I think I know about 50 words in Chichewa, the national language in Malawi. I know how to ask for water, bananas, and a beer. I know how to offer greetings at any time of day (there are separate ones for morning, day, and evening) and how to say I don’t want something. I know how to say “thank you,” “I’m sorry, I don’t have any money,” and to say “my name is Kate, what is your name?”
And that’s about it. After a year and half here, I should speak much better. Chichewa, like many Bantu languages, is beautiful and melodic, but in my opinion, freaking difficult to learn.
I remember reading a short story in 5th grade about a man enslaved by a Native American tribe. He couldn’t speak the language at all, but suddenly, one day, after a year or so, something clicked and he knew that two women were talking about water and the whole language suddenly made sense to him. I keep waiting for that to happen to me. I keep hoping to become instantaneously fluent in Chichewa.
Luckily, people in Blantyre are so nice that when you throw out the few phrases you do know, they look impressed and compliment you. So then you think, “great! well, I’m sorted then. That’s all I need!” But as soon as you’re outside of the urban areas, knowing Chichewa would definitely come in handy. It would also be handy in the work place. At work, everyone’s English is perfect, but during lunch and down time, most people switch to Chichewa. And they laugh constantly. Seriously, they are constantly joking! And I am just sitting there, laughing along nervously, pretending I get it. More recently, if not joking, people are talking about the political situation. Again something that I’d like to be able to understand.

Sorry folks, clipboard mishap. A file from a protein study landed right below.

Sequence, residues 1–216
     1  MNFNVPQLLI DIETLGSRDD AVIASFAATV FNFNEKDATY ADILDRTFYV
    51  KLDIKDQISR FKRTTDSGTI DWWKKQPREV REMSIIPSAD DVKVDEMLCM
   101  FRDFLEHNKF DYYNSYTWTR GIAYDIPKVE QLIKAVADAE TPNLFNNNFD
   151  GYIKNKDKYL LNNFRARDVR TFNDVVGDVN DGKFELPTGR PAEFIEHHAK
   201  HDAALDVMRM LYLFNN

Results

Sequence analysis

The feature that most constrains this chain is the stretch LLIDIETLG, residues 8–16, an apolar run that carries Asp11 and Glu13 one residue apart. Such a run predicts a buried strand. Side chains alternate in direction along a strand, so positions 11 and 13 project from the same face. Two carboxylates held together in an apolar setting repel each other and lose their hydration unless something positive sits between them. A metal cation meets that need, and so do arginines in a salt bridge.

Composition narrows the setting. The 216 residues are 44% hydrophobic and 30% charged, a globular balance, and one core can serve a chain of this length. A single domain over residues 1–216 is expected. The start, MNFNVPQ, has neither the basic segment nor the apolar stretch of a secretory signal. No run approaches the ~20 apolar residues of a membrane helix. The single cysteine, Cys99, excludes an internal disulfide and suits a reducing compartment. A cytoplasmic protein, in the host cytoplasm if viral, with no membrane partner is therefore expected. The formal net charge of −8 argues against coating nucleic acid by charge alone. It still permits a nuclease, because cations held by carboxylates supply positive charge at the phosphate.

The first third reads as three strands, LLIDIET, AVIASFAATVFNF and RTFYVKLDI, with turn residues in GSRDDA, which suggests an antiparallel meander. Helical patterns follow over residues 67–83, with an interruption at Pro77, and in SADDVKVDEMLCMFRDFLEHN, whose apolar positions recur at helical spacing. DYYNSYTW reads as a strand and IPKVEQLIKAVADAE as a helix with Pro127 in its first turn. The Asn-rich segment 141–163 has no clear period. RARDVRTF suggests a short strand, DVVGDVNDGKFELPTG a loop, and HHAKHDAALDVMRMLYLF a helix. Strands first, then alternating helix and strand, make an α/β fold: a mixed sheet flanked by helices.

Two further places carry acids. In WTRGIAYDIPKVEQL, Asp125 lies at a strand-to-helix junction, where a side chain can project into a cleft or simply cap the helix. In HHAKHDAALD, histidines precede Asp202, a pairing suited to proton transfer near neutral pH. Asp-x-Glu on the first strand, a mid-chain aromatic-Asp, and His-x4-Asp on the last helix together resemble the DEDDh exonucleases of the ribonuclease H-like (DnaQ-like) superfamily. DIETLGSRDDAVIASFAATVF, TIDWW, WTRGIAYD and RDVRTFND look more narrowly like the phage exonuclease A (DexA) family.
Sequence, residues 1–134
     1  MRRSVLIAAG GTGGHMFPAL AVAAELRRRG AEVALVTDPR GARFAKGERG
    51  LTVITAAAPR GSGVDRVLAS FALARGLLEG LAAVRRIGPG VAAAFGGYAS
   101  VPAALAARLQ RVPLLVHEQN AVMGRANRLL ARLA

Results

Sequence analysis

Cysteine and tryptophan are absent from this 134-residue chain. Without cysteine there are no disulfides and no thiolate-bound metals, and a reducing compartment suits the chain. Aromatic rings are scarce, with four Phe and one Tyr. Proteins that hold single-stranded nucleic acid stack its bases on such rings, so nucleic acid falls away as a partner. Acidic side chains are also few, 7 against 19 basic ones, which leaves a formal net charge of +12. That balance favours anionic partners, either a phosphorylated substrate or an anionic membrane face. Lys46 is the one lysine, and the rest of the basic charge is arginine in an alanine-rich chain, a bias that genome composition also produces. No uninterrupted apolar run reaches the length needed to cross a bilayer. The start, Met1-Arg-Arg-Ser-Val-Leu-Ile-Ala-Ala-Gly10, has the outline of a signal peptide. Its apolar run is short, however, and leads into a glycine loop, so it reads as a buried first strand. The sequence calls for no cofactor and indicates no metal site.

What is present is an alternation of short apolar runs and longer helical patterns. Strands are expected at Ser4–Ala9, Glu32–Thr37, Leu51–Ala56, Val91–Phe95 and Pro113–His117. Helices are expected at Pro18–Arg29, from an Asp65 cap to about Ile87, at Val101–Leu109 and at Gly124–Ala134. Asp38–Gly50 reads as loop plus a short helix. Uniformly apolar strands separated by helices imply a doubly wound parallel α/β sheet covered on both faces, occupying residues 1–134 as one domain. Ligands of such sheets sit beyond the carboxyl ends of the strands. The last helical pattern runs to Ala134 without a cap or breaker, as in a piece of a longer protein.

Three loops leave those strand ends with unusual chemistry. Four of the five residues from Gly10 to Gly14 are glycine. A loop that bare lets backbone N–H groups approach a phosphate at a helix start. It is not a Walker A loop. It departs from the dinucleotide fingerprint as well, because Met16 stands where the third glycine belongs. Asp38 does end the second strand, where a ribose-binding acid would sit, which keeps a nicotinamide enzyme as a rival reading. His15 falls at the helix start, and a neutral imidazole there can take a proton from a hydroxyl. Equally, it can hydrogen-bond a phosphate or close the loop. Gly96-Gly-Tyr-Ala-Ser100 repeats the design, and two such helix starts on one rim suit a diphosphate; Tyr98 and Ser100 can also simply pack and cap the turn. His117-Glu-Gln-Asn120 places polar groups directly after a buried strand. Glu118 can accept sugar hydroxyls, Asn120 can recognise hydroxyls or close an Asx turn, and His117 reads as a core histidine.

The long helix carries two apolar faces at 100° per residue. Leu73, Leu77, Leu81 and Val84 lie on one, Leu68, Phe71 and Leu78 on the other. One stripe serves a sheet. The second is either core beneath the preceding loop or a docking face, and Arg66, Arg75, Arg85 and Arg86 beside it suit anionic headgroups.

One of the most interesting traits of Malawians speaking English is that many will use “l” and “r” interchangeably. I’ve heard several explanations for this – some say that there was no “r” in Chichewa until the missionaries came (Today’s lesson on Jesus is brought to you by the letter ‘r’). I’ve also heard that while it seems like there is no rhyme or reason to it, ‘l’s are used after certain consonants and ‘r’s after others. I’ve also heard someone say that he’s just being lazy.
This habit can make conversations really interesting. Once, someone said to Sandy, “I leally like football. Do you pray?”
There are lots of words where switching the ‘l’ and ‘r’ create completely different words, and therefore completely different sentences. For example:
Rocks/Locks “How much should we pay for rocks on the doors?”
And Sandy’s favorite – Collect/Correct – Sandy, could you go correct Kate?
There is a town outside of Blantyre where signs read both Lilangwe and Lirangwe.
Once we were at a police checkpoint when the friendly policeman asked how our trip had been. “Great,” we said, “but too much rain.” “Rain?” he said confused “Rain? Oh! Lain! Yes, too much lain.”
The thing is, it’s leally leally easy to fall into the habit. I have caught myself ordering lice with my chicken. I have said ‘let’s go down to the liver.’ I’ve even caught myself saying, “Exactry.”
Again, there does seem to be a grammatical reason for this entertaining habit and it seems to be common in many Bantu language speaking places. Maybe it’s like Southerners turning ‘t’s into ‘d’s and eliminating the letters o,u, and a in ‘you all.’ Or maybe I need to learn Chichewa to understand.
In the meantime, rooking folwald to liting again soon!